To the editor: Michael Hiltzik addresses House Speaker Paul Ryan's (R-Wis.) "solution" for senior healthcare — namely, privatization with limited federal voucher subsidy. It's the same old Republican vision that lifting the reins on free-market competition will make things better for everyone. ("Paul Ryan is determined to gut Medicare. This time he might succeed," Nov. 23)
But don't forget that the big insurers can play ball with each other. The thing is, government programs are driven by collective conscience, while private programs are driven by the goal of making as much money as possible. Under privatization, I shudder to think about the terrible healthcare options that low-income seniors might wind up with in the affordable premium range — a box of Band-Aids and a pamphlet on pain management.
The only real way to help Medicare serve an aging population may be to raise Medicare tax rates on income in, for example, the top 25%.
Ken Hense, El Segundo
To the editor: If we revise and replace the Affordable Care Act, the provisions of the law that affect Medicare will need to be addressed.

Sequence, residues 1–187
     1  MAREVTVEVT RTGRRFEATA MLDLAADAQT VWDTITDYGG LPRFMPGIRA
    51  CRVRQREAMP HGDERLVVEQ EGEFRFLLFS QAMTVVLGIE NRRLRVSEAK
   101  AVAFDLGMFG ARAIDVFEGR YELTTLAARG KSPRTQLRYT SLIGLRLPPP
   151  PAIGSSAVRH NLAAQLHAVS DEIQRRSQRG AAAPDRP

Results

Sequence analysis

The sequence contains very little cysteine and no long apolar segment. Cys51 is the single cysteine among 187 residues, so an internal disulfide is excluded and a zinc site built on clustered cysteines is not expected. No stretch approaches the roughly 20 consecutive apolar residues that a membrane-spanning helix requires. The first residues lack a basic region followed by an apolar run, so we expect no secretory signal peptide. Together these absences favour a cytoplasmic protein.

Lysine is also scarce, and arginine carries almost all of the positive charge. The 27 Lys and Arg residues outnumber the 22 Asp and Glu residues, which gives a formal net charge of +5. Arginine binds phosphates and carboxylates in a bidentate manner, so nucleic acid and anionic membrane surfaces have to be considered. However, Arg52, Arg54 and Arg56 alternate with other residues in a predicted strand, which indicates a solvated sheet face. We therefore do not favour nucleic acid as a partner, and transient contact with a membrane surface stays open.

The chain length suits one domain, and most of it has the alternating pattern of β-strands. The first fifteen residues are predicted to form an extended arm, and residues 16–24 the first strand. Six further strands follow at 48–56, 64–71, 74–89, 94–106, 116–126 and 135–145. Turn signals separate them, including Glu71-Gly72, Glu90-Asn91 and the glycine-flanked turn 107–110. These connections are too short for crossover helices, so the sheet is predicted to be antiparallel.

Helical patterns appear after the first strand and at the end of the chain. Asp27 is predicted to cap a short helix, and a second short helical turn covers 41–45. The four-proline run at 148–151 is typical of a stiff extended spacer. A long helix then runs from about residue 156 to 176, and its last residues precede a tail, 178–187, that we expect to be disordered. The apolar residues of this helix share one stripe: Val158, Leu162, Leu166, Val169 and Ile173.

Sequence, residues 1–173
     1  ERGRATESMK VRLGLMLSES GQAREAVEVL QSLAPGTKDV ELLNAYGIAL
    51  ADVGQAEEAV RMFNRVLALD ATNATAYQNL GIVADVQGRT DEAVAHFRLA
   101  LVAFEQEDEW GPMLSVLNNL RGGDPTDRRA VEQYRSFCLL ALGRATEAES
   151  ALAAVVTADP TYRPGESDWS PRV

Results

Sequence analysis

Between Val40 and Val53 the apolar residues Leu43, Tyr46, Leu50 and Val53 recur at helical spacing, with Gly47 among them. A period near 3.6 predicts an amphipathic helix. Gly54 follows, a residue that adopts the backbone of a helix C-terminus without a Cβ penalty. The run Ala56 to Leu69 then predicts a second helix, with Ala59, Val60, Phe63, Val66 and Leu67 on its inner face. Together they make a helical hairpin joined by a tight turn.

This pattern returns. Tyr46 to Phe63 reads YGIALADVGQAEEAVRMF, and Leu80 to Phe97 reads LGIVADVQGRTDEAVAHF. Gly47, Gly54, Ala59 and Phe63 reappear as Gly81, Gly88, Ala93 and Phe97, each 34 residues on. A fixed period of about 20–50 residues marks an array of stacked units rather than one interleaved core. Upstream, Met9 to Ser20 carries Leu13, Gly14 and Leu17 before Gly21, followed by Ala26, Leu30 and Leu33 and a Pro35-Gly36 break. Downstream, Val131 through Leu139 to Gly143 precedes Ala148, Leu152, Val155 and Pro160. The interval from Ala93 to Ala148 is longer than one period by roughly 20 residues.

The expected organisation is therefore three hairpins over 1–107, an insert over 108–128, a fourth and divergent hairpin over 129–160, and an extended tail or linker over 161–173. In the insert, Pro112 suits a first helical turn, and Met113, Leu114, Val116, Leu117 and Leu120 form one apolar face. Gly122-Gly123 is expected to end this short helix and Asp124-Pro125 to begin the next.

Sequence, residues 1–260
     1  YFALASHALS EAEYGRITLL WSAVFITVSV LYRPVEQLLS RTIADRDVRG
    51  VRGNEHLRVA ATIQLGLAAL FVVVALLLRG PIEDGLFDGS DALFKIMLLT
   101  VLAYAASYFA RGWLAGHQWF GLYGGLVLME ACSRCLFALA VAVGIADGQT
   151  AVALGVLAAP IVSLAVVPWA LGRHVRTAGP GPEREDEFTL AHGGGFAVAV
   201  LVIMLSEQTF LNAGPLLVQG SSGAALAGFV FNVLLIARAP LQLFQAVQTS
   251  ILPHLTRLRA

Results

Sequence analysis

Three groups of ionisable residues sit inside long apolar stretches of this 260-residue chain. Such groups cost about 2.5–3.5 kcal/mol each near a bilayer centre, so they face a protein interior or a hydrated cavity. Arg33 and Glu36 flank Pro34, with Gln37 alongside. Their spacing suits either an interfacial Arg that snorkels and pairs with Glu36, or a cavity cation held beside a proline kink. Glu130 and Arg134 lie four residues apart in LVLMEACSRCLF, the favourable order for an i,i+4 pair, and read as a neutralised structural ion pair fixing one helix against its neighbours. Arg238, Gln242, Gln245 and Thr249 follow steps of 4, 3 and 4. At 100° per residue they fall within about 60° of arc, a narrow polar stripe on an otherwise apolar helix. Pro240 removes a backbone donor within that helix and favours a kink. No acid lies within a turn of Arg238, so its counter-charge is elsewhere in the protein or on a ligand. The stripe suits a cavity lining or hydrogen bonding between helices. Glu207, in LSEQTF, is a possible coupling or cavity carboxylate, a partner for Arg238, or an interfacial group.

Contrary to Hiltzik's assertion, Medicare is going broke. It is now estimated that the hospital fund will be insolvent in 2028, two years earlier than last year's estimate.
It is also true that one-third of all enrollees in Medicare opt for Medicare Advantage. They do so to take advantage of lower costs and better healthcare. Compared with fee-for-service, Medicare Advantage enrollees experience lower rates of hospital admission and readmission and stay in the hospital for fewer days.
Hiltzik also states that the Independent Payment Advisory Board has not been created. In fact, it was created as part of the Affordable Care Act. The fact that there has not been anybody named to the board is a problem, since the Health and Human Services secretary gets to assume too much power without a board.
If our objective is to provide access to quality, affordable healthcare, expansion of Medicare Advantage programs is more likely to get us there than any single-payer plan.
Kevin Minihan, Los Angeles